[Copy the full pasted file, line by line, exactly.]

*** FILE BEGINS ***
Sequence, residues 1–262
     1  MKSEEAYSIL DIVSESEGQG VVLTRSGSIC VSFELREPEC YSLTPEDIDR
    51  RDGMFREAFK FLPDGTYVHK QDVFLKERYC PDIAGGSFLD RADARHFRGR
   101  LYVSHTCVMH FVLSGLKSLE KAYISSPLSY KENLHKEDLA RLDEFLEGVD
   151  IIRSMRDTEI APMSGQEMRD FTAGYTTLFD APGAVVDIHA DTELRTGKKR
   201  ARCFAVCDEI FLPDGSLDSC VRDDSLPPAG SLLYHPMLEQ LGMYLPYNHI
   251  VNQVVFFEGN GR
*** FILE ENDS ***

Sequence, residues 1–262
     1  MKSEEAYSIL DIVSESEGQG VVLTRSGSIC VSFELREPEC YSLTPEDIDR
    51  RDGMFREAFK FLPDGTYVHK QDVFLKERYC PDIAGGSFLD RADARHFRGR
   101  LYVSHTCVMH FVLSGLKSLE KAYISSPLSY KENLHKEDLA RLDEFLEGVD
   151  IIRSMRDTEI APMSGQEMRD FTAGYTTLFD APGAVVDIHA DTELRTGKKR
   201  ARCFAVCDEI FLPDGSLDSC VRDDSLPPAG SLLYHPMLEQ LGMYLPYNHI
   251  VNQVVFFEGN GR